[1]: https://benrbray.com/static/notes/separating-hyperplane-thm_... [2]: https://benrbray.com/static/notes/minimax-approx_nov16.pdf


Your examples are, more or less, how I was taught to construct proofs. It's just much clearer and easier to read/follow than the prose-style in that Wikipedia page. And you can always supplement one with the other, just like the code example. Technically unnecessary since there was a prose description of the algorithm, but from a readability/understandability perspective it's immensely useful.

Wikipedia is notoriously useless for learning anything even vaguely mathematical. It's too bad there's not a "Wikimath" for people who aren't mathematicians.

> Wikipedia is notoriously useless for learning anything even vaguely mathematical. It's too bad there's not a "Wikimath" for people who aren't mathematicians.

The nlab and wiki2.org are nice for the subjects they cover.


Weird, I was actually searching for a function that would do a "permutation of a list with exactly one cycle" an hour ago. I found Sattolo's, but found its use of random() disagreeable - it would depend on external/stdlib code and generate a new sequence every time if the seed is not fixed. Instead I looked into key schedules for cryptographic ciphers and found an easy solution - the key schedule function for RC4 for example. (My use does not care about the flaws/biases). It's a couple of lines of code, generates the same permutation for the same input+key - just use a couple of arbitrary hardcoded bytes as the key and you are done.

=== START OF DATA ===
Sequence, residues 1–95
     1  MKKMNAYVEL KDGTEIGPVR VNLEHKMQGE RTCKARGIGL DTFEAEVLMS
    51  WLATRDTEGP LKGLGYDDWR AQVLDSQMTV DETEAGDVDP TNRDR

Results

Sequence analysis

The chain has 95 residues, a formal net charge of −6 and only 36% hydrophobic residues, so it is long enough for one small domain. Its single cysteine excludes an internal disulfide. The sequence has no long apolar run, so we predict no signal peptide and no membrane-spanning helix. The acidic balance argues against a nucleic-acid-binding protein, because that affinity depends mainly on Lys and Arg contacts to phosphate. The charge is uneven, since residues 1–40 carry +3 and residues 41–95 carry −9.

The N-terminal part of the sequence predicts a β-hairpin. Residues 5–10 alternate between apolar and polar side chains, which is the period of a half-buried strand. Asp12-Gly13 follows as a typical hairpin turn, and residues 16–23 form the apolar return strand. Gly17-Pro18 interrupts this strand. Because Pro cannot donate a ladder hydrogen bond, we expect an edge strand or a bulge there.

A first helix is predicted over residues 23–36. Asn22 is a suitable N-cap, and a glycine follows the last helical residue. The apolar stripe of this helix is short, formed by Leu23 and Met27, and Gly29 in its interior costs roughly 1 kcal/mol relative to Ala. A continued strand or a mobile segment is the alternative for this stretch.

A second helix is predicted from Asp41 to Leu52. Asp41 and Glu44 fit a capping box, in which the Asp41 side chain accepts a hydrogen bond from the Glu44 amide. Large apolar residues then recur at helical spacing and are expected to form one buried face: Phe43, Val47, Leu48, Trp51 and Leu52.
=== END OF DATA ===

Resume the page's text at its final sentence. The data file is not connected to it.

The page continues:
If you want a quick, easy and good quality random number generator, you might want to look at xorshifts.

There are a lot of variations, but I particularly like the 128 bit version from the original paper [1].

Here is the entire code

  unsigned long xor128() {